Saudi Arabia closes its March sukuk issuance at $1.18bn

 In March, Saudi Arabia successfully completed its riyal-denominated sukuk issuance, surpassing the $1 billion mark for the fourth consecutive month, according to government data.

The National Debt Management Center of the Kingdom disclosed that three tranches of the Shariah-compliant debt instrument were closed, totaling SR4.44 billion ($1.18 billion). Notably, in November, Saudi Arabia's sukuk issuance had dipped below $1 billion to SR2.66 billion but rebounded in subsequent months, reaching SR10.53 billion in December, SR8.82 billion in January, and SR7.87 billion in February.

The March issuance comprised three tranches: the first tranche, valued at SR203 million, will mature in 2029; the second tranche, worth SR3.69 billion, is due in 2034; and the third tranche, valued at SR540 million, will mature in 2039.

The NDMC recently concluded its second government sukuk savings round for March, receiving requests totaling SR959 million from 37,000 applicants. The financial product, known as Sah, offers a return of 5.64 percent with a maturity date set for March 2025. Sah, introduced by the Ministry of Finance and NDMC, aims to boost fund ratios among individuals by encouraging regular savings allocation.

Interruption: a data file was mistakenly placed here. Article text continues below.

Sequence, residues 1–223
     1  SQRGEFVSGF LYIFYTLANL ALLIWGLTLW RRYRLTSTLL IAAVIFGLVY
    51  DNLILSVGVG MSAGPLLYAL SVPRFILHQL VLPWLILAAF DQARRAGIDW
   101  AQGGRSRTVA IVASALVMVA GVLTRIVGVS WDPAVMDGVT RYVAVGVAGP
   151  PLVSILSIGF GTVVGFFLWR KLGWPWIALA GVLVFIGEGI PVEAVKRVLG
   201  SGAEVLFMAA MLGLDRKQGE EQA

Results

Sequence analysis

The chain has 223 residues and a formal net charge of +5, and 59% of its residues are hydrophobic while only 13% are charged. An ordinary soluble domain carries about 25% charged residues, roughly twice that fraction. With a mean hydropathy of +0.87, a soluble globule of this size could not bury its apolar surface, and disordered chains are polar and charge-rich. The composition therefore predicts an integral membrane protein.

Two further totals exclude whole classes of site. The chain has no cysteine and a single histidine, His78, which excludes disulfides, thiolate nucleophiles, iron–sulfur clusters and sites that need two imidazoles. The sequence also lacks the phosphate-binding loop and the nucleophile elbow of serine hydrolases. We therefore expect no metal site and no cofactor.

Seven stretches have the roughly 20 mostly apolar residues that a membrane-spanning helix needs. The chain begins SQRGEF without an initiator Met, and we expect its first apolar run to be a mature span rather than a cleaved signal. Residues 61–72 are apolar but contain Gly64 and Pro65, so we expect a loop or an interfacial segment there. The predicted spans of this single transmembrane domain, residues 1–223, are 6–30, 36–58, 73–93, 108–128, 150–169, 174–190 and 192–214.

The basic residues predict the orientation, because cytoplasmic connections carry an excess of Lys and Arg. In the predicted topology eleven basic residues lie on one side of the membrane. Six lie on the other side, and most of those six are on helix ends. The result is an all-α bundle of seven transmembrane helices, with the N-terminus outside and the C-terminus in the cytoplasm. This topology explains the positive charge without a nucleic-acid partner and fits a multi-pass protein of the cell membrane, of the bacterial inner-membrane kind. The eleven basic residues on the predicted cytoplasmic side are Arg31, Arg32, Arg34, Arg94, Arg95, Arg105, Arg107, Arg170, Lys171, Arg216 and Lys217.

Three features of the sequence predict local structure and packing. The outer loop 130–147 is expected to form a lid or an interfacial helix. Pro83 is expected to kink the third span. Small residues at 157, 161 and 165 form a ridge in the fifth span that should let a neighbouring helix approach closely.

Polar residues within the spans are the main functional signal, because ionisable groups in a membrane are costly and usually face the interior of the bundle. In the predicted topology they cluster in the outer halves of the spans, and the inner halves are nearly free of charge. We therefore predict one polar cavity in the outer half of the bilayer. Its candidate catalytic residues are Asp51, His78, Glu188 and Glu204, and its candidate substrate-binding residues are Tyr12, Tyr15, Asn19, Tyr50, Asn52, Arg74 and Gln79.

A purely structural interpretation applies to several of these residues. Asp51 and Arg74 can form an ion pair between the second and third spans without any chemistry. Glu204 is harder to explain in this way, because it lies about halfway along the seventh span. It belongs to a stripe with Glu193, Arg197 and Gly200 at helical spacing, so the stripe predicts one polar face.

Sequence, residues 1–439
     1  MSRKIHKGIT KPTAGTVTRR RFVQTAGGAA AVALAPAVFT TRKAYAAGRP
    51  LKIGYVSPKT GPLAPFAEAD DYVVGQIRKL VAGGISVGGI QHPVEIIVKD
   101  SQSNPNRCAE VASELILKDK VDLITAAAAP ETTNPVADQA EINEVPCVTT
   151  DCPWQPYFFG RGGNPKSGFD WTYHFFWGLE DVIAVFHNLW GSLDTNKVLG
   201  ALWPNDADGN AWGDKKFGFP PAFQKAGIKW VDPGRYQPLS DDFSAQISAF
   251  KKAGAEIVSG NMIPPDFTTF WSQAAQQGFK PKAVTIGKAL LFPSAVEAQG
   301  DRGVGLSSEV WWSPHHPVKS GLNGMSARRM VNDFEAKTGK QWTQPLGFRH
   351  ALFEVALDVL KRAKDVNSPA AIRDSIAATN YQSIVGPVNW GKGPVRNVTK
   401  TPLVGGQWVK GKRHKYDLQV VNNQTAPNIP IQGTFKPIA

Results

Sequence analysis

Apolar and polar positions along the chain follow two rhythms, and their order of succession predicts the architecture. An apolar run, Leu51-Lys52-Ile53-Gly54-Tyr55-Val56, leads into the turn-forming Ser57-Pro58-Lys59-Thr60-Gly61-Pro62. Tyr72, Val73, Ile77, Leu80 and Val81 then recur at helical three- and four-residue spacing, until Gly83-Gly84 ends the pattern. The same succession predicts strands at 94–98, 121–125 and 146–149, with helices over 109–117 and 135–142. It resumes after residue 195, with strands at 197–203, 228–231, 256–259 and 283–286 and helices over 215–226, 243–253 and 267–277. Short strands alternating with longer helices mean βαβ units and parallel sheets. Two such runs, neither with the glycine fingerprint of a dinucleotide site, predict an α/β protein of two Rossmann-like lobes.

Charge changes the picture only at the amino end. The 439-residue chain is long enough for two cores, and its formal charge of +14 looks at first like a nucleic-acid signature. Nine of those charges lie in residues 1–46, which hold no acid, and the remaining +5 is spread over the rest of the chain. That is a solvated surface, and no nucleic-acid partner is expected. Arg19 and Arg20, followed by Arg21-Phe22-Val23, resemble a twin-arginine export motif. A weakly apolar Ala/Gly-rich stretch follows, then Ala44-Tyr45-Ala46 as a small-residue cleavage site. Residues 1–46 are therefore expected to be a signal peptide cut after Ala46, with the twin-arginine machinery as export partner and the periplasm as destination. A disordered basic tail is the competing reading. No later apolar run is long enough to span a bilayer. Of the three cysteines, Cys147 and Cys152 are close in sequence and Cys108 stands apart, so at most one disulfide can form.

In a broader context, a report by credit rating agency S&P Global forecasts global sukuk issuance to range between $160 billion and $170 billion in 2024, driven by increased financing needs in Islamic nations. The report also mentions a decline in global Islamic bond issuance by 6.1 percent to $168.4 billion in 2023, attributed to tighter conditions in Saudi Arabia's banking system and Indonesia's reduced fiscal deficit.

Additionally, the report anticipates a rise in sustainable sukuk issuance in 2024 following the successful UN Climate Change Conference (COP28) held in the UAE in 2023. Another report by Fitch Ratings predicts that the environmental, social, and governance (ESG) market for Shariah-compliant debt products will exceed 7.5 percent of global outstanding Islamic bonds in the coming years, fueled by issuers' diversification plans and governments' sustainable initiatives.

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